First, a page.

In our Flipped Learning 3.0 series, Dr. Raul Santiago goes into great depth about how to innovate during class time. This article focuses in on three main moments in a lesson where learning data can help a teacher improve instruction for all students.
In this post we will delve deeper into the importance Learning Analytics has in a suitable design and implementation of Flipped Classroom. We are not only referring to the learning outcomes through the use of LMS systems but also to basic assessment by teachers or by students themselves.
As we all know, and this is something all education students learn, this assessment allows students to learn in a more active and practical way, facilitating the possibility of participating in problem solving and critical thinking development, which in most cases is not frequent in daily class time.
Consider the following: students work at the lowest levels of knowledge (such as knowing and remembering) outside the classroom and leave the most complex levels of cognitive work (application, analysis, synthesis, evaluation) for class time with the guide of teachers and the support of their classmates. The pre-classroom tasks should be short, relevant, meaningful. But for them to be really efficient, there should be information about what is really happening in the students’ minds in each of those moments.
The Importance of Pedagogical Design
When designing a Flipped Classroom activity there are three moments in which Learning Analytics provide us with accurate data for the improvement of the learning process:
- The very first moment, before class time, when students work in a LMS system or another online platform and produce answers in an asynchronic way.
- A second moment, after the checking of those answers by the teacher and re-designing of another questionnaire that is completed synchronously by the students.
- A third moment, after the explanation, when students debate in pairs (Peer Instruction) and then produce new data.
The Importance of Aligning Learning Objectives and Assessment
The “Constructive Alignment” (Biggs and Tang, 2007) involves the design of learning and evaluation around objectives, the outcomes teachers want the students to learn; in other words, teachers plan learning activities that make students perform to achieve the outcome in the best way, so learning is constructed around what students do, not by what teachers do. Thus, students can build on their own.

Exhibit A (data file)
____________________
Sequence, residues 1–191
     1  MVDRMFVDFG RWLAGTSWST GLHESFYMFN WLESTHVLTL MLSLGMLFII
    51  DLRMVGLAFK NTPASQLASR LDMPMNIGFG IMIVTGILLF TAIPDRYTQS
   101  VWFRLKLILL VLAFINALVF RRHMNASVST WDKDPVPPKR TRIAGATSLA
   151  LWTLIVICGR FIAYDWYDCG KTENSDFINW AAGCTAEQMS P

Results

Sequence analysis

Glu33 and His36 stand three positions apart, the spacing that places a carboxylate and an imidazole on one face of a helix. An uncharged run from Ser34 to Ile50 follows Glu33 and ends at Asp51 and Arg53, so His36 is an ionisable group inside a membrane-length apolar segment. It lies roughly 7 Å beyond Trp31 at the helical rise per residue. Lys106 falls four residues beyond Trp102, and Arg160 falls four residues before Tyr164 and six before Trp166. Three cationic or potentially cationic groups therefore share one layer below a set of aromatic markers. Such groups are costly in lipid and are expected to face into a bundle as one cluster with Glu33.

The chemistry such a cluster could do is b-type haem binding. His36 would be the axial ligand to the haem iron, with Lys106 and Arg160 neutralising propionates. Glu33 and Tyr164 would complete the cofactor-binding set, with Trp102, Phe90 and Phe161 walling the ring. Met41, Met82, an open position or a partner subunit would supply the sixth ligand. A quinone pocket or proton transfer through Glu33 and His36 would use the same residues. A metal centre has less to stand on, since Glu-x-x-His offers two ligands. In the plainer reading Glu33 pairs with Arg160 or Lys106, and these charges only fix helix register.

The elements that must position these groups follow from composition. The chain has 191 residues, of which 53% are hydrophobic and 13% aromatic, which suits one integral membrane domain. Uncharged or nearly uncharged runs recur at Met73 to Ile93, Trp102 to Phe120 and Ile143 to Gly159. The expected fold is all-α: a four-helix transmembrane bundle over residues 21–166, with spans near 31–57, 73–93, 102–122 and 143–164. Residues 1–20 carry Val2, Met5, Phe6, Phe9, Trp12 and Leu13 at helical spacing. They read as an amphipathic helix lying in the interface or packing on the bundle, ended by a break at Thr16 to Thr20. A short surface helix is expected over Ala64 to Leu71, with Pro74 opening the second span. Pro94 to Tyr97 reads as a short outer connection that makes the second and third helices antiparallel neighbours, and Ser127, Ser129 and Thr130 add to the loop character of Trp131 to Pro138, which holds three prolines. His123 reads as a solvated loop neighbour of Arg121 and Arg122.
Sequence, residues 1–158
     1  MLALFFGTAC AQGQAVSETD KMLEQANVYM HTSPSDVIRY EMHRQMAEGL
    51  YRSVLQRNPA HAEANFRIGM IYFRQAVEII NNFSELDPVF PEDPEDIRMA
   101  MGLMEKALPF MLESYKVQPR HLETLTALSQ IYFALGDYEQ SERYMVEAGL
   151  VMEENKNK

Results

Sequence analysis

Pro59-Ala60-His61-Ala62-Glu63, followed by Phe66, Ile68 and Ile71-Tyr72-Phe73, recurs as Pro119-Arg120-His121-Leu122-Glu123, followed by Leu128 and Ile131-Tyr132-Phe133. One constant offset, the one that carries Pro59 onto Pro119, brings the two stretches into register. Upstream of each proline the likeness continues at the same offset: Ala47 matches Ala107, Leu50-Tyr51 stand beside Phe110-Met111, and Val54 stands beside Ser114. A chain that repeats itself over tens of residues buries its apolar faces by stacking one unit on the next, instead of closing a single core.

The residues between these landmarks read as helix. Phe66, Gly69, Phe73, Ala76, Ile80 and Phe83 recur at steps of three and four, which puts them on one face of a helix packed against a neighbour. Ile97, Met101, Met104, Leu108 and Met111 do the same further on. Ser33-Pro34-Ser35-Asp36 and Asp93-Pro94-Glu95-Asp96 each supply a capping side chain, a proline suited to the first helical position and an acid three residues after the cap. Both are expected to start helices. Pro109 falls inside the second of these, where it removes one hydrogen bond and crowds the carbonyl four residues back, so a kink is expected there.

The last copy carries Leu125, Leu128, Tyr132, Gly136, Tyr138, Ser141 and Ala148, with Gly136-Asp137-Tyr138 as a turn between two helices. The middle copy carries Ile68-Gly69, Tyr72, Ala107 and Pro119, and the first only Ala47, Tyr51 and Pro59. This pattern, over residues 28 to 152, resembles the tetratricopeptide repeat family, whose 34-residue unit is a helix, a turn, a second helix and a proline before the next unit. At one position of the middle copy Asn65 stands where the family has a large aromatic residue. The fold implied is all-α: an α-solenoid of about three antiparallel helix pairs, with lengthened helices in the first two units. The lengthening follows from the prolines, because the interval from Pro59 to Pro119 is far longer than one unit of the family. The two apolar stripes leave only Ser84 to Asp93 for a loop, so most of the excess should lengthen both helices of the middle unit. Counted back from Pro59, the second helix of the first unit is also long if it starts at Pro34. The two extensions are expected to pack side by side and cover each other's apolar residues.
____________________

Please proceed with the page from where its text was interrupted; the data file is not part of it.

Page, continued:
When designing the assessment, teachers should communicate to students the system they are using with a rubric or other visual aids, which will surely help them perform much better; it will also clarify the relationship between learning outcomes and learning activities and opportunities for formative feedback, so assessment tasks can therefore be adjusted.
The Art of “Asking Questions”
For an adequate ecosystem of learning analytics, the teacher’s role is essential since he is responsable for designing and writing activities, questions, tests and other forms of assessment. Because of this, we consider it crucial to learn more about “asking questions” as a stepping stone for the student’s knowledge analysis.
Questions define tasks, express problems and delineate issues taking thinking forward. Questions generated after answers are indicators of a live intellect. The lack of them can suggest a mind that is not intellectually alive. Not asking questions can be equivalent to not understanding, as superficial questions are a reflection of superficial understanding. Unclear questions may also mean unclear understanding. Substantial learning requires active asking.
As an example, we will see some of the advantages a videoquizz tool can allow us to do by asking questions in different ways:
- Factual or conceptual questions about content that we have already seen in class or in videos. Some of these tools incorporate a timer that allows the teacher to see how the “response” time differs between those who “know” and those who “do not know.”
- Procedural or metacognitive questions where the response time is always longer, since it is not a matter of “knowing or not” but of understanding the essence of the question and associating it to the content. In this context the statement would be: “Choose the right answer”.
- Questions whose answers appear in the same statement of the question or in previous questions, for example: “Difficulty in ordering numbers according to their spatial structure, we speak of a type of dyscalculia”: a) Anarithmetic b) Linguistics c) Spatial d) Primary.
- Questions related to new content we have not seen “before”. These are “surprise” questions that usually cause confusion, but they allow us to identify the students “who know what/if they know” because they are the first to report that “this was not in the video”, but they are really useful in introducing content and connect new to previous content.
- Image based questions: concept maps, charts, outlines or models as some examples. These are really interesting for those students who have better spatial or visual understanding.